The instruction on mandala is the antidote to greed. 8. The instruction on Vajrasattva is the antidote to not regretting negative acts. 9. The instruction on Guru Yoga in the antidote to not resting one’s mind in its natural state. Why is it not possible for these mental states to be present simultaneously? It is because their aim, their conceptual make up are directly contradictory to one another. As mentioned before greed and pride don’t have opposing aims and therefore Journal of Bhutan Studies, Vol.34, Summer 2016
cannot cancel one another out. Greed and contentment on the other hand are fully incompatible in their aim and make up, so when one is present, the other cannot arise. To express this in a manner that is easy to understand, I said that they cannot abide simultaneously. The factors of aim and conceptual make up determine whether two mental states can be present at the same time or not. I explained earlier on about the opposing factors. As this is quite important, one needs to study the teachings on perceiving the deity when practicing Guru Rinpoche’s main practices in the same vein.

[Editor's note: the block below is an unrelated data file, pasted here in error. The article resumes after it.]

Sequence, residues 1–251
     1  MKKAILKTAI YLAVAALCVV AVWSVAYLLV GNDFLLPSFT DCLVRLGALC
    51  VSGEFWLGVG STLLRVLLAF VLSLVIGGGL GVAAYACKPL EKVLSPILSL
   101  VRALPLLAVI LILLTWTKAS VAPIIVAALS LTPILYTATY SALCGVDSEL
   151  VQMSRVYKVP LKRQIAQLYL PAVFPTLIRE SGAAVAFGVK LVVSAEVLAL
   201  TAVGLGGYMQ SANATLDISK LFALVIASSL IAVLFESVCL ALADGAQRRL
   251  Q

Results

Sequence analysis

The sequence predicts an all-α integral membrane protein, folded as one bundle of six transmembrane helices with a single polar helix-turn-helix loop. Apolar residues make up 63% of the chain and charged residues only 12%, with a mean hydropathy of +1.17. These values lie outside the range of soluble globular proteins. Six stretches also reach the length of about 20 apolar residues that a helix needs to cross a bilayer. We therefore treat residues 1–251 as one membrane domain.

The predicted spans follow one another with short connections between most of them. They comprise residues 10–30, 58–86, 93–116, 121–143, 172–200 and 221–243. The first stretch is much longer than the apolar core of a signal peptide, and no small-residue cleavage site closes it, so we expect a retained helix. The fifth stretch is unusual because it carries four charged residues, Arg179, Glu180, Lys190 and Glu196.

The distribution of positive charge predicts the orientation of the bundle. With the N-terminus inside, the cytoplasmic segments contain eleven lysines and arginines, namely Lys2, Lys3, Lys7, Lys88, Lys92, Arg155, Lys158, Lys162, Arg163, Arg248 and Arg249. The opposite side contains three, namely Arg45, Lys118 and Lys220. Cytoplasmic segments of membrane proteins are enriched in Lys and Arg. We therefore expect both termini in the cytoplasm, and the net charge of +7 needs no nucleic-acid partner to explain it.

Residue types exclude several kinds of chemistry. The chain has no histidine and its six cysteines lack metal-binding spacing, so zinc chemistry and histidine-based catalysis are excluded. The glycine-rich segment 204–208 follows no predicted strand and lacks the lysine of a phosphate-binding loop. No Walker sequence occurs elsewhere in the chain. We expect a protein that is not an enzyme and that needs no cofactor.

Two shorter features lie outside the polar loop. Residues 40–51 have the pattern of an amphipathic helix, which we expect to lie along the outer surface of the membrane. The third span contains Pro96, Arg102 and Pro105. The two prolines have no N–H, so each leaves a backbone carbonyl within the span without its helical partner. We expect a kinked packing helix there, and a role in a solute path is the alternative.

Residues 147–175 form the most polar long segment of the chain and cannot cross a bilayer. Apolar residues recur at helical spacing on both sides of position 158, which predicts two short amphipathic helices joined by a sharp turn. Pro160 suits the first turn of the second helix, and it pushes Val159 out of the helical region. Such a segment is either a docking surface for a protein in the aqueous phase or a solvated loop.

Through identifying the nine difficult mental states that need to be overcome, the nine parts of the Ngöndro are practiced, which improves one’s health, prevents harm to be done to the environment and inner strength to help others increases. The development of the wisdom, which unmistakenly knows the true state of reality, brings wellbeing to this and the next life. Also, because if it abides in the mind stream, it cancels out wrong thinking. All of us here have resorted to religion, psychology, neurology, medicine, etc., when searching for methods and knowledge on how to better the mind. Please investigate for yourself if through these methods a difficult mental state can abide simultaneously. May the teachings of Tsodrung Wangpo spread far and wide!